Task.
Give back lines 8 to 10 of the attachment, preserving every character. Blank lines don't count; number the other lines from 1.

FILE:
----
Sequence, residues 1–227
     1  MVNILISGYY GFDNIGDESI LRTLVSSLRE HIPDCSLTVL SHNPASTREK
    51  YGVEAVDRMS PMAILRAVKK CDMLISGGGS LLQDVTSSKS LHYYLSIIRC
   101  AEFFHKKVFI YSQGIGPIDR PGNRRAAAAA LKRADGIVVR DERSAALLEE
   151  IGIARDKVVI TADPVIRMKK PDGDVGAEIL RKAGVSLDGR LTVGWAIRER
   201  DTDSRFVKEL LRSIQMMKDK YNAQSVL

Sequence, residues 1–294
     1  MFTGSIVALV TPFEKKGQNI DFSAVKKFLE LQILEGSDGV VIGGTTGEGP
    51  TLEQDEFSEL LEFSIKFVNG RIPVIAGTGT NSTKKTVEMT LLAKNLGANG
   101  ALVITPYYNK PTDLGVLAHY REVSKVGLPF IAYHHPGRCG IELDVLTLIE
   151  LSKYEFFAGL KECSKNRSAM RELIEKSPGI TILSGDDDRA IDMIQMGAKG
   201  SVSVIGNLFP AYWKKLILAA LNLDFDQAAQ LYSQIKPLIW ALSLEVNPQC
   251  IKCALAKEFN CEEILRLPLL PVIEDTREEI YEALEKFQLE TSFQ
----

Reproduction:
     1  MFTGSIVALV TPFEKKGQNI DFSAVKKFLE LQILEGSDGV VIGGTTGEGP
    51  TLEQDEFSEL LEFSIKFVNG RIPVIAGTGT NSTKKTVEMT LLAKNLGANG
   101  ALVITPYYNK PTDLGVLAHY REVSKVGLPF IAYHHPGRCG IELDVLTLIE